on their own successfully? It is precise-
ly this dynamic that has led to the rise
in online services such as LegalZoom.
How do we harness this ability of the
consuming public as a way to enhance
the services we provide rather than
view it as an encroachment on our pro-
fession? As I discussed in my column
last month, clients are resorting to a
“Home Depot” mentality of doing it
themselves anyway, so it seems there
is greater strength for the profession
in understanding that fact and work-
ing to determine what portions of our
work can be commoditized through
technology and other means while re-
taining the pieces that are essential to
having representation by a lawyer.
There Is More Control in Letting Go
The reality is this: technology and other
drivers will continue to move legal work
out the side door in response to a public
that demands more affordable legal services and a system that is more easily
accessed. To me, there is more control in
letting go. Letting go, for example, of the
pieces that don’t require the training that
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we received in law school.
To (admittedly) oversimplify legal
services, think of a grid with four boxes
(see illustration above). The top two boxes
represent what I believe to be the special
training that I received in law school; the
bottom two boxes capture the work that
can be, and already is being, commoditized. Does it make sense to let go and
think of ways to allow the consuming
public to access those bottom two boxes
more easily and affordably?
What’s at Stake?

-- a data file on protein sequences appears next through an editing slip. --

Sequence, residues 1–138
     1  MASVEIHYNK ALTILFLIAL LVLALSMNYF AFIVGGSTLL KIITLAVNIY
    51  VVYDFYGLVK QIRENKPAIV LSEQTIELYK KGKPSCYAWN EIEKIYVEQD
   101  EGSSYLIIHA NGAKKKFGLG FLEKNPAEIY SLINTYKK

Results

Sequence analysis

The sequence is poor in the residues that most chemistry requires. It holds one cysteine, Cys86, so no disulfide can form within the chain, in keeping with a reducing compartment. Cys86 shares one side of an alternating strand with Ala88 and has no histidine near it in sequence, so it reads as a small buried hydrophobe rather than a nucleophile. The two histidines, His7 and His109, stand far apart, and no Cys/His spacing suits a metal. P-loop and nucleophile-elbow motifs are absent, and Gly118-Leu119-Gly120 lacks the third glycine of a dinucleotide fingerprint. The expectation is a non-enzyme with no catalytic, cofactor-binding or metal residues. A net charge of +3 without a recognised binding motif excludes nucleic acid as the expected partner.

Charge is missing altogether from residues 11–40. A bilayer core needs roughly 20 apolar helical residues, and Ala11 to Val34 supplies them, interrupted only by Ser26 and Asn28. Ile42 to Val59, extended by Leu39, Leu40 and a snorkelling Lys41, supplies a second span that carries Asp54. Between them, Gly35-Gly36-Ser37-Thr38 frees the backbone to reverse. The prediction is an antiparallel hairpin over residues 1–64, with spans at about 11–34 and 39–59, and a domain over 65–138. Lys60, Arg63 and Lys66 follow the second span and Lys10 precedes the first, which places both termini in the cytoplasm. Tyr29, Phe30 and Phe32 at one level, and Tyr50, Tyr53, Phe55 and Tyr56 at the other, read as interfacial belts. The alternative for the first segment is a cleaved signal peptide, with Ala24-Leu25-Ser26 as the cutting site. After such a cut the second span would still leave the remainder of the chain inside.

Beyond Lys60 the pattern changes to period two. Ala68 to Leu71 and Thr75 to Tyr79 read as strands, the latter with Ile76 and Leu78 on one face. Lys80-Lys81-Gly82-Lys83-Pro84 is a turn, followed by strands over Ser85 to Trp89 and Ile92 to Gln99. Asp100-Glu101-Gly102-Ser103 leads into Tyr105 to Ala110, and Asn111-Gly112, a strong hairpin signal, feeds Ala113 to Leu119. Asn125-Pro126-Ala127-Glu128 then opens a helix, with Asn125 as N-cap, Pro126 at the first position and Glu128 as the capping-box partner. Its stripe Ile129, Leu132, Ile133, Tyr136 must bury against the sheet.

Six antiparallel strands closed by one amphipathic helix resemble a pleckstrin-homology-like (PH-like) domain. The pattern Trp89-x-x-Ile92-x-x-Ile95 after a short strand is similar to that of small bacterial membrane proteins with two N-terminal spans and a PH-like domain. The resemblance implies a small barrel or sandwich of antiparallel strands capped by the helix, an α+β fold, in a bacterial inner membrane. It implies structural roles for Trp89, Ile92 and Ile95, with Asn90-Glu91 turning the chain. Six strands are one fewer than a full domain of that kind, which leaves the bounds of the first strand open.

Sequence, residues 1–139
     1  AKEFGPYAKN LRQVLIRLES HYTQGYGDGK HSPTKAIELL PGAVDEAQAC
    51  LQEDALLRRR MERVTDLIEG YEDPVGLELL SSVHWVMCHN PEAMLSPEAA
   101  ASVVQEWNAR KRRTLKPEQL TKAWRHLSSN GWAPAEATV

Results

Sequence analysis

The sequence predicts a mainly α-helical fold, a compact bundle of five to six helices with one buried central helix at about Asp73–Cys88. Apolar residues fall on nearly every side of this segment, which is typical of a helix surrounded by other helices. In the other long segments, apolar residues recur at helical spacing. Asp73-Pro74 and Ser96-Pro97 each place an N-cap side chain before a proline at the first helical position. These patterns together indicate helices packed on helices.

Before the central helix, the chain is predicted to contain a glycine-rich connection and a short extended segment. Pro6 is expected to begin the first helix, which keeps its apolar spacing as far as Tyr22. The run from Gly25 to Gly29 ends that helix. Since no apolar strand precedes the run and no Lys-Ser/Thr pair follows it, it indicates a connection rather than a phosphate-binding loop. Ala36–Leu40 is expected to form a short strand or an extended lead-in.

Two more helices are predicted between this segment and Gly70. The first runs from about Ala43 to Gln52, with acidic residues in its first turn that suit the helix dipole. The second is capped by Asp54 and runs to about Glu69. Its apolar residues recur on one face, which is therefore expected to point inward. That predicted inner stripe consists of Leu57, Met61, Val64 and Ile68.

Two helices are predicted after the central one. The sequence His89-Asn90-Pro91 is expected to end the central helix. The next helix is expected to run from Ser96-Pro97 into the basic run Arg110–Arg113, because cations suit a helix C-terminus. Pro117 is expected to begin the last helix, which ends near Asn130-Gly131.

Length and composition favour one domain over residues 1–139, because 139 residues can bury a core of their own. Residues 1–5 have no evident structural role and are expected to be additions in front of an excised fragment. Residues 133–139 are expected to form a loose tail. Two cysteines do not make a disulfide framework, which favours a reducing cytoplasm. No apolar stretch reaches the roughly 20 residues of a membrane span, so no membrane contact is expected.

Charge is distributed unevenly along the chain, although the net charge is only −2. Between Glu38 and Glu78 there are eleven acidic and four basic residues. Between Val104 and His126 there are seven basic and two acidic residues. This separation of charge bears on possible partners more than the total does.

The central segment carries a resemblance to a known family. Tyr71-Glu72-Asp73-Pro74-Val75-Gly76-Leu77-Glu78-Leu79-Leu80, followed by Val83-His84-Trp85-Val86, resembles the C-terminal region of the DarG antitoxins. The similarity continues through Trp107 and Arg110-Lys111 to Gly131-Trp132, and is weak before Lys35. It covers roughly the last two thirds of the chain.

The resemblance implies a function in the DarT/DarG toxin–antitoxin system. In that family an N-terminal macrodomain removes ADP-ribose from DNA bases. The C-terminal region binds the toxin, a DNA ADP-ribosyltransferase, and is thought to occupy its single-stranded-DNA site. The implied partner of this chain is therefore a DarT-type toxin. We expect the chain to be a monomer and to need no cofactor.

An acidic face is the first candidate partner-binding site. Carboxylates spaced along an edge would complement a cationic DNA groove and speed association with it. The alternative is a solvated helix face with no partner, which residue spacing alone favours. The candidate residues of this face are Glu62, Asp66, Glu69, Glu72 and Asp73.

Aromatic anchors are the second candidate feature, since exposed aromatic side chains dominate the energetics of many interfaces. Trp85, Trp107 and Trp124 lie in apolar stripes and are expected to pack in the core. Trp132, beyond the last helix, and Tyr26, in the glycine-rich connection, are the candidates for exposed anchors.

The cornerstone of our system is based
on the rule of law. As I wrote about in my
column in March 2012 (“Lawyer Volunteers: Preserving our Democracy and Enhancing our Profession”), the foundation
of our system requires that the judiciary
be fair and impartial and free from undue
influence by the other branches of government; a fair and impartial judiciary
relies on an independent legal profession
free of similar pressures from outside
influences in order to preserve its independence. That is why lawyers have been
given self-regulation independent of the
legislative and executive branches. That
is why we must preserve the system we
have by meeting the needs of the public.
It is imperative that we seize the moment and innovate. While many of these
trends and implications are overwhelming, I think this time for our profession
presents exciting opportunity. And what
excites and motivates lawyers more
than a challenging problem? I say, let’s
get to solving! NWL
Paula Littlewood is the WSBA executive
director and can be reached at paulal@
wsba.org or 206-239-2120.